Smart Policing

Vice President Venkaiah Naidu stresses on the need for a people-friendly police force

Yunus Dar

Addressing the national seminar on SMART Policing organised jointly by the Indian Police Foundation, the National Centre for Good Governance and the Bureau of Police Research and Development (BPR&D), vice president M. Venkaiah Naidu on October 5 said there was a need to make policing people-centric and police stations people-friendly.

Vice President Venkaiah Naidu at the seminar

On the eve of Police Reforms Day, Naidu proposed internal reforms within the police forces, also suggesting on improving the ambience in the police stations to make them complainant-friendly. He said the citizens should feel confident as the police personnel were competent to address their grievances.

“I am convinced that our collective vision of building India as a global, political and economic power can be realised only with a robust criminal justice system and professionally efficient police that always upholds the rule of law without fear and favour,” he said.

He said the police will have to develop the necessary expertise to tackle cybercrimes, while organised crimes would require very good inter-state coordination. “I would like to take this opportunity to impress upon you the need for internal reforms within the police. There is a lot that you can do without looking to the government for any kind of support. The first and foremost is to improve the ambience in the police stations,” he said.

“We have been talking for many years to make police stations people-friendly. Unfortunately, that is not happening. Unless the senior officers take the lead in changing the atmosphere in police stations, I am afraid that things might not improve,” he added.

There is also a scope for improvement in registration of cases, he reiterated. Every case should be first registered, enquired into, then disposed of on the merits. The discretion should not be given to the Station House Officer (SHO). He lamented that there were frequent complaints of third-degree methods to extract information or confession. “With the availability of modern technology and gadgets, there is absolutely no justification to use third degree methods. Human rights are important and they must be respected,” the vice president added. He said there is a serious need for attitudinal changes in the lower ranks of the policemen.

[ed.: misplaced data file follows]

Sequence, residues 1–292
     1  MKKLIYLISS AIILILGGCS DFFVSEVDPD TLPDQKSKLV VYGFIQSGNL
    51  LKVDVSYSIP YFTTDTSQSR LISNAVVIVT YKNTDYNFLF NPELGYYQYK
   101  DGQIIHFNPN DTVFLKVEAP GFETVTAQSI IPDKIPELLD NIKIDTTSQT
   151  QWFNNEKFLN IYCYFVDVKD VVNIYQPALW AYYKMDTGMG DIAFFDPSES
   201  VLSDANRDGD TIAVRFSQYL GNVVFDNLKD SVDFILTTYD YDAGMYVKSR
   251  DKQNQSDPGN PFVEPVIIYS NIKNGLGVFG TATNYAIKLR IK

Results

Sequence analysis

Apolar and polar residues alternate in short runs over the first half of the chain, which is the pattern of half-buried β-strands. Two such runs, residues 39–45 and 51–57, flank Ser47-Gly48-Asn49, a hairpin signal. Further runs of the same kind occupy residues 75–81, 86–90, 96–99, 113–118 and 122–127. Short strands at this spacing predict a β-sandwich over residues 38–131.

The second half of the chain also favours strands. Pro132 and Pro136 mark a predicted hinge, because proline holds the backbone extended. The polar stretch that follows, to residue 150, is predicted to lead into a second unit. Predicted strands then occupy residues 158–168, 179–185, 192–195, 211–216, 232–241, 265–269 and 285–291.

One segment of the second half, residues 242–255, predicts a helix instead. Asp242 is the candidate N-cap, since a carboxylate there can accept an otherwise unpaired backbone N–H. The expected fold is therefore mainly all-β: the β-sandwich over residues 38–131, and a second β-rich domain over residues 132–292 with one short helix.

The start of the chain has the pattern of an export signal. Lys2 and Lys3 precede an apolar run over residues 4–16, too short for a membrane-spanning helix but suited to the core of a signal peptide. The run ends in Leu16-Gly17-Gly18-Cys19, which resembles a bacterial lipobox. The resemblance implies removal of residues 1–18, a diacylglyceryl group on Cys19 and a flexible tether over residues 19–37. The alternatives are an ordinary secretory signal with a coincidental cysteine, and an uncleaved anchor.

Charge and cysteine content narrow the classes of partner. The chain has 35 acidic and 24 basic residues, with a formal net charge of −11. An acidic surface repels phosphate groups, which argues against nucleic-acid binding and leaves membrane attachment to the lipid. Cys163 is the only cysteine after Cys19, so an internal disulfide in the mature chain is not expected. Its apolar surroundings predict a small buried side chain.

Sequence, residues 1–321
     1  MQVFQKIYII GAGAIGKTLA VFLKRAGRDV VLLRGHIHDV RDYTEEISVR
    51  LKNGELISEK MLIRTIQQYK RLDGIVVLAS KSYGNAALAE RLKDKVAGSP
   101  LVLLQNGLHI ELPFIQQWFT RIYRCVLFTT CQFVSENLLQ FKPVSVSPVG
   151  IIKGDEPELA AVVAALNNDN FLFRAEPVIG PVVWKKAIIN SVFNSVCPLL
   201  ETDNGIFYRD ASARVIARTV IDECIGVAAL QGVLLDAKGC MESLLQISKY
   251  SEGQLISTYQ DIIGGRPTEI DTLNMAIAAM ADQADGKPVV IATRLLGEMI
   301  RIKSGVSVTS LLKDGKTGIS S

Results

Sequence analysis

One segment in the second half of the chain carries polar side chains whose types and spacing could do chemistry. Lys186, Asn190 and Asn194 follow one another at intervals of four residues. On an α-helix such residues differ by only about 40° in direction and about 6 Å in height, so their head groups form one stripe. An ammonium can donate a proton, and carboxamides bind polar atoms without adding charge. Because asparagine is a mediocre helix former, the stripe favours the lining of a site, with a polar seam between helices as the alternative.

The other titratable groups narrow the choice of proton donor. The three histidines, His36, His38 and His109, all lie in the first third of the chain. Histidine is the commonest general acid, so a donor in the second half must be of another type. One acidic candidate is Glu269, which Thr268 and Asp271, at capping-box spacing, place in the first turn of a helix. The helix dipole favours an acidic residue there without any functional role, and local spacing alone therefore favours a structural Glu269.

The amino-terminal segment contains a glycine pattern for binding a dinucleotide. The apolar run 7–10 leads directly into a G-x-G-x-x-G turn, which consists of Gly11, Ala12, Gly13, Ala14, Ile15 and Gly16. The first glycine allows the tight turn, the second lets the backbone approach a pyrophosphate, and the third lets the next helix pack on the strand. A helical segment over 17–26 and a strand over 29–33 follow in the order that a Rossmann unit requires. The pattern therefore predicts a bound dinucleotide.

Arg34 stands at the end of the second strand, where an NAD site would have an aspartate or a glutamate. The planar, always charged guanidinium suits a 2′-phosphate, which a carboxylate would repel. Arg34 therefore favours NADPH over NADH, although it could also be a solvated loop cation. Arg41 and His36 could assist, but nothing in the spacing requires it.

He said the safety and security of women and children should be stepped up, following reports of widespread increase in such crimes across the country. The police should be sensitised on the need to act firmly and ensure that the culprits are brought to book.

The vice president also expressed concern over misuse of social media. He said it’s a new challenge for the police. “The tremendous technological and social changes feared by the internet, and the new social media are relentlessly changing the nature, intensity and reach of the crime, even as national and international boundaries are getting blurred. At the same time, technology also opens up a whole new world of possibilities to strengthen our policemen and policewomen. There is an enormous scope to tap its potential in the fields of police governance, investigation, safety and security management, as well as citizen-centric policing.”

He also expressed concern on the fact that state DGPs were being changed on the whims of the chief ministers, which should not happen. “When CM changes, there’s a change of DGP. Why should it happen? There should be a fixed tenure,” said Naidu.

The conference was also attended by top police chiefs from different states who presented their own models of police modernisation and the innovations they were introducing in the forces.

Also, in attendance at the conference were the President of Indian Police Foundation, N. Ramachandran; director general, Bureau of Police Research and Development, V.S.K. Kaumudi; chairman, Indian Police Foundation, Prakash Singh; secretary Personnel Administrative Reforms, Chandramouli among others.


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